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Refugee Council calls for reform of asylum system

The organisation has made proposals about making the system “fairer” – saying that the current structure is far too costly, places burdens on the courts and puts people through unnecessary misery.

Image: mrhayata via Creative Commons

THE IRISH REFUGEE COUNCIL has today launched a plan for the reform of the asylum system which, it says, will inject “efficiency and fairness” into the process.

The IRC says that introducing a single protection system, investing in early legal advice, and creating a new appeals body that could deal with both protection and immigration cases would reduce costly challenges and the burden on the courts.

In its Roadmap for Asylum Reform, the IRC describes the Irish protection system as one “fraught with lengthy delays and expensive legal proceedings” that needlessly waste public funds.

Launching the roadmap today, Justice Catherine McGuiness said: “For many years, I have watched with concern how the lack of fair procedures and transparency, especially in the appeals process, has meant that justice has not always been done within the asylum process.

“The proposals contained in this document would lead to more sustainable and just decisions.  This means that decisions would not be subject to costly challenges and the burden on the courts would be reduced”.

The proposals include the introduction of a new appeals body, which would have jurisdiction to hear appeals on both protection and immigration matters; to replace the current Refugee Appeals Tribunal; and to fulfil the commitment in the Programme for Government to create a statutory appeals mechanism to deal with immigration decisions.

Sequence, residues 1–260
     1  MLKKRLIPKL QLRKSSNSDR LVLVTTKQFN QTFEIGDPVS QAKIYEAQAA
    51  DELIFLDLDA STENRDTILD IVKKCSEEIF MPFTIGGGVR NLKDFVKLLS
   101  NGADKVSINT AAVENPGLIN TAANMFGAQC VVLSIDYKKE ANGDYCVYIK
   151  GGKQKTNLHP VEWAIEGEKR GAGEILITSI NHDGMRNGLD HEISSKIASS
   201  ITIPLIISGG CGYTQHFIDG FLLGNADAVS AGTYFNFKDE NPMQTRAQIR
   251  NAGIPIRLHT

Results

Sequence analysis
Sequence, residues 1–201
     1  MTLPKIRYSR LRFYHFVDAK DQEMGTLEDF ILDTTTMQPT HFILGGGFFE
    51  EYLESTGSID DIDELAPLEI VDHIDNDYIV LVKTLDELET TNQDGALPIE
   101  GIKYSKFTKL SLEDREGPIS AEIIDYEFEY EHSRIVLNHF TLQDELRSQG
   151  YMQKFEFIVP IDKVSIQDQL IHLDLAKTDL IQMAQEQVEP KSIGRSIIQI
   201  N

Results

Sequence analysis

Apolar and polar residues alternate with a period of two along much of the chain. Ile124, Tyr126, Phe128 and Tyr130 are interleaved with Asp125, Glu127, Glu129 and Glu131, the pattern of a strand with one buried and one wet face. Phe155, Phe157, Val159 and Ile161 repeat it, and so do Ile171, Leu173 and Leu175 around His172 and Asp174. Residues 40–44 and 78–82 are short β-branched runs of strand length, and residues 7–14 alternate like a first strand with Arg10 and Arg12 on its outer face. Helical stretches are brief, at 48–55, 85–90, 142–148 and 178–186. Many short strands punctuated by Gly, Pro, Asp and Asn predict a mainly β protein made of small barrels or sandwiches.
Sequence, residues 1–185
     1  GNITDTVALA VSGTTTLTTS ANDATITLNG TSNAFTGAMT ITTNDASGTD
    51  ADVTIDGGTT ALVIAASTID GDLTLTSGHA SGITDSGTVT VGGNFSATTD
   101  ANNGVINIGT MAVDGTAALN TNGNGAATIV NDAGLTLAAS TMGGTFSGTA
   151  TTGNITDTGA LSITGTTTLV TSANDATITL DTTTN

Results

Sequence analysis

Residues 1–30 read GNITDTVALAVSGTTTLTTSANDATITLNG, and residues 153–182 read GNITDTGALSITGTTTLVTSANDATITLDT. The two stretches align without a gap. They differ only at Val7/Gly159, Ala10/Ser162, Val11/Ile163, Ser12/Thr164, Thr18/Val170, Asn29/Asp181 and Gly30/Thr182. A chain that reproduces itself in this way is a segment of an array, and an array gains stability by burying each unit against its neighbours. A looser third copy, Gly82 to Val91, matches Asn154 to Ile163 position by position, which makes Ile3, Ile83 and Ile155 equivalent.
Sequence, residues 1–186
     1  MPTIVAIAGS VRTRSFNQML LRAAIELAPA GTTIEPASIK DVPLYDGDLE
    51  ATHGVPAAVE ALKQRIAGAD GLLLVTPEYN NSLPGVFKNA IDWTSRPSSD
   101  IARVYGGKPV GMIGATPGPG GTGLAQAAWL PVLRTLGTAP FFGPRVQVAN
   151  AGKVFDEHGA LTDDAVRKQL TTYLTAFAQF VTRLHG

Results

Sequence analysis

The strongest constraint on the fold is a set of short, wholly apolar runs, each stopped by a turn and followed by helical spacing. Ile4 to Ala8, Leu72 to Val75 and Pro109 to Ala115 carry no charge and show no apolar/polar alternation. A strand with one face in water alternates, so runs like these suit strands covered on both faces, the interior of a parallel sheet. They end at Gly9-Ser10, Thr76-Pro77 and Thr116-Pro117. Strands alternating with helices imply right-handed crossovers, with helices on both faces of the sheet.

The IRC claims that the current appeals body does not represent “an effective remedy”.

Sue Conlan, Chief Executive of the IRC, said that the organisation had followed best practice employed in other countries, which suggested that funds should be invested in legal assistance and representation at the initial decision-making stage. “By ensuring that all the relevant information is placed before the decision-maker at the earliest opportunity, the number of challenges to decisions and therefore, the overall costs in legal aid, legal fees and in providing accommodation for those claiming asylum would be reduced,” she said.

Conlan said that the appeals system proposed in the state’s Immigration, Residence and Protection Bill 2010 bore “little difference” to the current Tribunal and failed to introduce “the checks and balances needed to create an effective remedy”.

The Immigration, Residence and Protection Bill is due to come before the Justice Committee in the new Dáil term.

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